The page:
One of the things we love most about barre is that it is a workout made for most seasons of life, one of them being pregnancy. Just as it’s important to exercise pre-pregnancy, it’s just as important to exercise prenatal, but only if it is done correctly. In honor of Mother's Day on Sunday, we’ve decided to whip up some modifications—as demonstrated by our co-founder Kirby— to help protect you, and most importantly, your baby.
Disclaimer for all of the preggos: it is very important–now more than ever– to listen to your body, take breaks as needed, and refer to your doctor on any exercise.
To protect your baby from the very get-go, avoid twisting from your shoulders and crunching your abs in the first song, and instead twist minimally with arms extended and open. This protects your baby from becoming strained in the womb. Also, get ready to hear words you thought you would never hear: steer away from planks (is this considered another blessing that comes along with pregnancy?), both in full-extension and on your elbows, as both may cause strain on your belly. Instead, take any moves done in plank to a knee. Downward facing dog is doable, but just make sure that your stance is wide enough to account for the baby. When in doubt, you are also welcome to come into reverse plank, as demonstrated here, with your hands beneath your shoulders and your shoulders are shrugged down.
For the standing leg portion of class, make sure that your stance is wide enough to accommodate your baby bump as you are moving around. One of the only positions to be wary of in the standing leg portion is foldover. We recommend stacking your forearms on top of the barre, elbows beneath shoulders, and then hinging forward from your waist. From here, tap your foot behind you, and without arching your back, bring your foot up a few inches and down. You can follow along with the instructor’s foldover series in this modified position, or continue to tap down and up.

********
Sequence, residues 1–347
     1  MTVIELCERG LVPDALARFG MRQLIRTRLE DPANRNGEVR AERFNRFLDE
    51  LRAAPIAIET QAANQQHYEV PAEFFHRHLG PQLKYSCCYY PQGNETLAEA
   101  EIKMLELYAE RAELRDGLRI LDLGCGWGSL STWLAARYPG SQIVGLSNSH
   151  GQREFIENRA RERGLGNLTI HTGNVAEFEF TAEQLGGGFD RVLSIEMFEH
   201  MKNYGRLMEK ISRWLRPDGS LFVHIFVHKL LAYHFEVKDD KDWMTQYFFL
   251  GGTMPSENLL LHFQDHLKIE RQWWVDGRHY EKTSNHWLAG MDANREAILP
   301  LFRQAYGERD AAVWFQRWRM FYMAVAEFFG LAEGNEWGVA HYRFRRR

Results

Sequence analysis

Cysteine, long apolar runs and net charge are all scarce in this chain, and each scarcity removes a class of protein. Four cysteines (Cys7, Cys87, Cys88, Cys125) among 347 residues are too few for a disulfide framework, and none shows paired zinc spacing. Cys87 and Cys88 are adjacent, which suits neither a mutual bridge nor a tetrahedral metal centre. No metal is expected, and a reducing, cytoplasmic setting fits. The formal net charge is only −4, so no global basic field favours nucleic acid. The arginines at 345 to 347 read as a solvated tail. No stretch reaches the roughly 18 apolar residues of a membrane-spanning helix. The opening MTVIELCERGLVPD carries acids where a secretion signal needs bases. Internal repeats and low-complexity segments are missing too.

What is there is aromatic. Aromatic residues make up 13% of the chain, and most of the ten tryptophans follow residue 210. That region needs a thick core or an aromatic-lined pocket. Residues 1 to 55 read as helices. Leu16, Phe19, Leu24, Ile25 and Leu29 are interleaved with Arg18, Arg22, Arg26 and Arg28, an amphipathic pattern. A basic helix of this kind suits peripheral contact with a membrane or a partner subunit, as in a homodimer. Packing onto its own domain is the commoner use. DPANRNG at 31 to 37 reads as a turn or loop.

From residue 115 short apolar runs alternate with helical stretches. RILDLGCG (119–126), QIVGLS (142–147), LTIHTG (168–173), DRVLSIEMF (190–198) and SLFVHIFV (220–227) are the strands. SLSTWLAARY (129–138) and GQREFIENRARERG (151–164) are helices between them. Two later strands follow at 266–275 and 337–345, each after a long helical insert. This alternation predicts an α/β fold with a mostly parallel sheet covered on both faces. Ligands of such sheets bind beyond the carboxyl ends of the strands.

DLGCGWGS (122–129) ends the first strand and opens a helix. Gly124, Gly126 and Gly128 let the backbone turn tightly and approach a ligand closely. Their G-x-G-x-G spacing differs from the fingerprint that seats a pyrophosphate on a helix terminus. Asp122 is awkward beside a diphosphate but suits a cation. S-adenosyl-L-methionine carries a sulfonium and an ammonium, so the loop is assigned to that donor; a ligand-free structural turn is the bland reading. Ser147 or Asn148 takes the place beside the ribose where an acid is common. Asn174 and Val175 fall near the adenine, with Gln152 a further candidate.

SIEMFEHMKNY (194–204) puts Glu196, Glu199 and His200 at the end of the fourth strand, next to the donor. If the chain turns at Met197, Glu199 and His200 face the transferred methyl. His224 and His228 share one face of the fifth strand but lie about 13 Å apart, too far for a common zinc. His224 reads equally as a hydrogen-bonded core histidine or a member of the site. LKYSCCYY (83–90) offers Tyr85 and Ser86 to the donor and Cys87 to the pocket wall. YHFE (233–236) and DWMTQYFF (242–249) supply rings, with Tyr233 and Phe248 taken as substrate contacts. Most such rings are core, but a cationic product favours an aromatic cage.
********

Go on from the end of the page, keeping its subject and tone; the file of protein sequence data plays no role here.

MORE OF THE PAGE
Abs are the trickiest thing to do while pregnant, and also one with which you should be most cautious. Crunches should be avoided so you don’t cause too much pressure on your baby. On that note, it’s a good idea to focus on limiting your range of motion if you are doing anything that is remotely related to a crunch position in abs. When in doubt, stick to moves that work your obliques (think candlesticks, coming to your side and tapping your hip down and up), toe taps with a ball under your lower back, and bridges, as the lovely Kirby demonstrates here.
Instead of laying flat on your belly, come onto your hands and knees with your knees beneath your hips and your hands beneath your shoulders. Lift your right hand and your left leg off of the ground, making a straight line from your fingers to your toes, and replace on the floor.
Just as you are not to lay on your belly, you are not to lay on your back (for too long at least) as well. Anything that can be done on your side, such as side leg lifts, clamshells, oblique work, and so forth, should be safe for you and your baby. If you happen to be on your back, never (never!) sit straight up from that position–always roll over to your side, and slowly sit up. The name of the game is to not draw any strain from your stomach.